The CBS network, a division of Viacom Inc., said Rather will continue to work full-time as a correspondent for both editions of 60 Minutes and other assignments for CBS News.
"I have been lucky and blessed over these years to have what is, to me, the best job in the world and to have it at CBS News. Along the way, I've had the honor of working with some of the most talented, dedicated professionals in the world," Rather said in a statement Tuesday.
Rather, 73, has come under fire for his role in a 60 Minutes Wednesday report from September that questioned President Bush's National Guard service, citing documents that later appeared to be forgeries.
He made no mention of the National Guard scandal in announcing his decision, but said he had agreed with CBS executives last summer that after the Nov. 2 election would be the best time for him to step aside as anchor and managing editor of CBS Evening News.
"I have always said that I'd know when the time was right to step away from the anchor chair. ... I have always been and remain a 'hard news' investigative reporter at heart," Rather said. "I now look forward to pouring my heart into that kind of reporting full time."
The network did not name a potential successor for Rather, who has been at CBS for more than four decades and succeeded Cronkite as the evening news anchor in 1981.
"Dan's 24 years at the CBS Evening News is the longest run of any evening news anchor in history and is a singular achievement in broadcast journalism," CBS Chairman Leslie Moonves said in a statement. "He has been an eyewitness to the most important events for more than 40 years and played a crucial role in keeping the American public informed about those events and their larger significance. ... We congratulate him on all he has accomplished and look forward to the future."
Meanwhile, an independent panel, created by CBS News to investigate what went wrong with the 60 Minutes National Guard story, continues its review and is expected to release its findings shortly.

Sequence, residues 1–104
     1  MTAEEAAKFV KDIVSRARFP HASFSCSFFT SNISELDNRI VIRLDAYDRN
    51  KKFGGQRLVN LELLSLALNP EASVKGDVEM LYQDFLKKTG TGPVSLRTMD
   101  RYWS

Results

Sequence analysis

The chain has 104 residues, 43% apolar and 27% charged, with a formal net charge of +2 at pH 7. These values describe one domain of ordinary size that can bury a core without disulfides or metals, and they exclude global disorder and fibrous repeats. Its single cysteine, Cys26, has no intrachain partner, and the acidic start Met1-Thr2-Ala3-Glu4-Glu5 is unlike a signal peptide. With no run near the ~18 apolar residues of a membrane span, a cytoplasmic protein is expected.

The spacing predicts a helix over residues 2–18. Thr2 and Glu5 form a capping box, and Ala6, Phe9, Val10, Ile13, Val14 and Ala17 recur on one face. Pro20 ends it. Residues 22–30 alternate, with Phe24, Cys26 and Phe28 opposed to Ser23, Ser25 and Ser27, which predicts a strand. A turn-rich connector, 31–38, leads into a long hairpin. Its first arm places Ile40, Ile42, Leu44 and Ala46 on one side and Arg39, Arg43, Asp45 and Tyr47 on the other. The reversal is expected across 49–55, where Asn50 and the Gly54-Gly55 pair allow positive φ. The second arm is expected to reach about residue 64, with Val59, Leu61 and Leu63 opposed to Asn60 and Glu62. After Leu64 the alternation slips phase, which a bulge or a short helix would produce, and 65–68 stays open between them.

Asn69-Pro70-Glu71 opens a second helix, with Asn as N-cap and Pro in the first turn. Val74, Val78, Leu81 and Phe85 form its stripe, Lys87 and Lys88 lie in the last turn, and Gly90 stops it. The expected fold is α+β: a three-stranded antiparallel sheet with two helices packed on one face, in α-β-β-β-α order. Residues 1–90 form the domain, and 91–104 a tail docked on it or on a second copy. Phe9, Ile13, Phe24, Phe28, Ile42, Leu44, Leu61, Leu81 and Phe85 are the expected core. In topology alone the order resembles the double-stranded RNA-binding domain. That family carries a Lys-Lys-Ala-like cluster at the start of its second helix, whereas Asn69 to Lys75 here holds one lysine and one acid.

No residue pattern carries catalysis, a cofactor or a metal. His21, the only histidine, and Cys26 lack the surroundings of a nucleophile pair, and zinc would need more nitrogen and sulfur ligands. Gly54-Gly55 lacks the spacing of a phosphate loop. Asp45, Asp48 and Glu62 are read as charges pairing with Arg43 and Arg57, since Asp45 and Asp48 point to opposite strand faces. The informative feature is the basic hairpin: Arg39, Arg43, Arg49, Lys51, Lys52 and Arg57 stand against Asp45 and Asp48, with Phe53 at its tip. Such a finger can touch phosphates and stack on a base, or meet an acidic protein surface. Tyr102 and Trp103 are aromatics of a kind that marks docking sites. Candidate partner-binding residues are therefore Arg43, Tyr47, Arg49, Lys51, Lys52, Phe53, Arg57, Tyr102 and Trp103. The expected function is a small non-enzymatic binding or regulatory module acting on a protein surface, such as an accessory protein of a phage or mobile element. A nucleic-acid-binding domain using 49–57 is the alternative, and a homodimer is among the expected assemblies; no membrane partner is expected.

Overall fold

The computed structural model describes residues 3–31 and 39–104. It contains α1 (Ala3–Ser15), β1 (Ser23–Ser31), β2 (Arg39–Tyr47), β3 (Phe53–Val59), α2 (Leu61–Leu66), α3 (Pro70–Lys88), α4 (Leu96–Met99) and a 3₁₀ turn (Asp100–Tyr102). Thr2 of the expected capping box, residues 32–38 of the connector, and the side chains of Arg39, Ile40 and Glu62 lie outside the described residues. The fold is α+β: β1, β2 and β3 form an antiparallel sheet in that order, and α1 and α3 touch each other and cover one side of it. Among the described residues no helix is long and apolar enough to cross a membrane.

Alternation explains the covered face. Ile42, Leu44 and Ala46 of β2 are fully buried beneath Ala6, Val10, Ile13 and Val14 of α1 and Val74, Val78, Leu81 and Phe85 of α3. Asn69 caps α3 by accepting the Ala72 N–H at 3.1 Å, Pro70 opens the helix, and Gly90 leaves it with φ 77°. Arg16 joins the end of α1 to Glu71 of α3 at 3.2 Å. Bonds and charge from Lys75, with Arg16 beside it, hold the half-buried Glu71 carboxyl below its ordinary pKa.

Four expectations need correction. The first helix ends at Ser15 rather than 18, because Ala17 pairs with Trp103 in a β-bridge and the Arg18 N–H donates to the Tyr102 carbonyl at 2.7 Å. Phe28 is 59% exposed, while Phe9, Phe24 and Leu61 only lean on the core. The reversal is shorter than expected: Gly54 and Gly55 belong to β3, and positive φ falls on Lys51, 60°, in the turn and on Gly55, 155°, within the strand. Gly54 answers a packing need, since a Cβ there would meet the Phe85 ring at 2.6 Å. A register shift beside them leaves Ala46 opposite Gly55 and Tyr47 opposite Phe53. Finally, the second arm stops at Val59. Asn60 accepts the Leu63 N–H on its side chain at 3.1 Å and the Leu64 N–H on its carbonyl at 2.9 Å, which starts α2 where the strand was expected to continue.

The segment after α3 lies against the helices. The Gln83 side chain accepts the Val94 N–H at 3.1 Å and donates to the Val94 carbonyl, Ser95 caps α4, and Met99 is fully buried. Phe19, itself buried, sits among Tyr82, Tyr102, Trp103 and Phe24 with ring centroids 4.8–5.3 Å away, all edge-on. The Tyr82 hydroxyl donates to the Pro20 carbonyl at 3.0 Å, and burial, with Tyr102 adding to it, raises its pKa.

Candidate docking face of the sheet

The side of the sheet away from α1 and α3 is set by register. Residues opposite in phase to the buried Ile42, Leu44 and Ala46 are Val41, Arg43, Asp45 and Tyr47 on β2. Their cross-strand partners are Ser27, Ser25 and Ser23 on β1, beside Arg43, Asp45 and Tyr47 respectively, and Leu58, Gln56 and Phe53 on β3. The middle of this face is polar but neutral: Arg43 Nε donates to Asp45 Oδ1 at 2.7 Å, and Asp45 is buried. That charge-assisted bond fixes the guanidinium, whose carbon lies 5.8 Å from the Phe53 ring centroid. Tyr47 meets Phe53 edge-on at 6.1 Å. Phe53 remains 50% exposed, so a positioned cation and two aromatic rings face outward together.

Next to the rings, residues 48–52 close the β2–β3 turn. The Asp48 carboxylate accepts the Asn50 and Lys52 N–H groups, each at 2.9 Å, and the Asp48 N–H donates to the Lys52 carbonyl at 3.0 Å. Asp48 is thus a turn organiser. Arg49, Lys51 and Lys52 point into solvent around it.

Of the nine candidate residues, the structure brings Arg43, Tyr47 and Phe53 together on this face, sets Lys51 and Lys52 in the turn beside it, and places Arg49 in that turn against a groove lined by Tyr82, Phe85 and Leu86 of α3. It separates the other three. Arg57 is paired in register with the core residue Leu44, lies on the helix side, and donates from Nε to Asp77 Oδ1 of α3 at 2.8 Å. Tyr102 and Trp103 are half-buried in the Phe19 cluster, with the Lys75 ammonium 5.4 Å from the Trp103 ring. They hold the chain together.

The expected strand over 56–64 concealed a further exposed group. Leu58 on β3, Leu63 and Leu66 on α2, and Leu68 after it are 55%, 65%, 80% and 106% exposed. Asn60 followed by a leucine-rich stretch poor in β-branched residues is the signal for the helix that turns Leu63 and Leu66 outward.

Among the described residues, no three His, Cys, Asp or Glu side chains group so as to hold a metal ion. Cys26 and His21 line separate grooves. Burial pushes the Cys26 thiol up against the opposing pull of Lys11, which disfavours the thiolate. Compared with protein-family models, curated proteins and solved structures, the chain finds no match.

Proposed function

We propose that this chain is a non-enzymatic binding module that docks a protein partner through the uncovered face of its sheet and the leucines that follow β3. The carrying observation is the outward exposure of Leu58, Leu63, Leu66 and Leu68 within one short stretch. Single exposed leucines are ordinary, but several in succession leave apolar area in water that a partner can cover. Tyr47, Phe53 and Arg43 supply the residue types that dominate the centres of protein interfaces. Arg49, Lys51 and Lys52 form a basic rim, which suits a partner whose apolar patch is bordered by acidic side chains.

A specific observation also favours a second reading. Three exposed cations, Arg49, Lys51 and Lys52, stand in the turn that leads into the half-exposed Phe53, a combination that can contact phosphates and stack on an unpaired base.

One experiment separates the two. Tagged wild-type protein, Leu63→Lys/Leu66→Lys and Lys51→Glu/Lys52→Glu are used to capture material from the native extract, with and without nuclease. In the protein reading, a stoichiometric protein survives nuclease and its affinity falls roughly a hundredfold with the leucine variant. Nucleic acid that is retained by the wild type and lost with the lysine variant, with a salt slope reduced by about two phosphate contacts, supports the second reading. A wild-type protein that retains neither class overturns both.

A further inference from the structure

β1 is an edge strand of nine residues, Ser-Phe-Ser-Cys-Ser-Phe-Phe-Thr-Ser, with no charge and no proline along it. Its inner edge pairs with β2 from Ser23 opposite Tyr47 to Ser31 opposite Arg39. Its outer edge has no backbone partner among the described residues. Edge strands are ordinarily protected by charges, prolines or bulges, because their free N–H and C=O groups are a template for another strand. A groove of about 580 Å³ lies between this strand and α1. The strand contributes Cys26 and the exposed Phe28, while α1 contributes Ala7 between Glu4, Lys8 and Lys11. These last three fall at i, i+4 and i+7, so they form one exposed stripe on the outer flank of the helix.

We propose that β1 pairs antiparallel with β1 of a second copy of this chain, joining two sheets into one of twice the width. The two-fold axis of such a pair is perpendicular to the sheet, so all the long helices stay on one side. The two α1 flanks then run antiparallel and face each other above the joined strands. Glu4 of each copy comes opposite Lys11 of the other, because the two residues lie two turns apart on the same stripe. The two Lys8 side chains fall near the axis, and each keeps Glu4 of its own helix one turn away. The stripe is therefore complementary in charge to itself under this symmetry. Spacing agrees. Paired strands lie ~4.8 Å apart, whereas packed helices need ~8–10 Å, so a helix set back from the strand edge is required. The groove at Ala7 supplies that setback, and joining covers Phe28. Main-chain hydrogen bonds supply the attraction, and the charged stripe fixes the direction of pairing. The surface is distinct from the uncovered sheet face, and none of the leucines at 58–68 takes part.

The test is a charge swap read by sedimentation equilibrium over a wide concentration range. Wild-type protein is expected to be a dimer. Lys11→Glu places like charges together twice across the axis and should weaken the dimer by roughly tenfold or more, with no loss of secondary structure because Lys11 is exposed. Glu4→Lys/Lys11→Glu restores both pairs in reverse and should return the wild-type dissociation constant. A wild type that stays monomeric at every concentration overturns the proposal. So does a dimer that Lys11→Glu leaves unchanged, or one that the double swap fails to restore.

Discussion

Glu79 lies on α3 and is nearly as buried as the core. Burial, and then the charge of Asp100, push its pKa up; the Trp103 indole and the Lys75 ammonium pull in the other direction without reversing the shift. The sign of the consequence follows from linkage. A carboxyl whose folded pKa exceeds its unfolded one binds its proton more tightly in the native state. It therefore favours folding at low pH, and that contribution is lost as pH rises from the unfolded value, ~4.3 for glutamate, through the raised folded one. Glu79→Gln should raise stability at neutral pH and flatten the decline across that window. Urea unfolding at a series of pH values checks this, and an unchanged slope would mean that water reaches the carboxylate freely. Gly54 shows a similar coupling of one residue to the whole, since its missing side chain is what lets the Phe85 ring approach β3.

Rather, who initially defended the National Guard story when it was first criticized, acknowledged the errors and apologized on national television.
"We made a mistake in judgment, and for that I am sorry. It was an error that was made, however, in good faith and in the spirit of trying to carry on a CBS News tradition of investigative reporting without fear or favoritism," Rather said in a statement released in late September.
One of Rather's first stories for CBS was his coverage from Dallas of President Kennedy's assassination.
The native Texan has become well known for his unusual expressions and metaphors during Election Night coverage. "Bush is sweeping through the South like a big wheel through a cotton field," Rather said on Election Day 2004.
In November 2000, Rather raised eyebrows and evoked chuckles by saying: "The race is as hot and tight as a too small bathing suit on a too long ride back from the beach."
"This knock-down drag-out battle drags on into the night. And turn the lights down; the party just got wilder. ... This thing is so wild, wacky and wooly, nobody knows how it's going to come out," the anchorman said during his marathon news coverage of the 2000 election.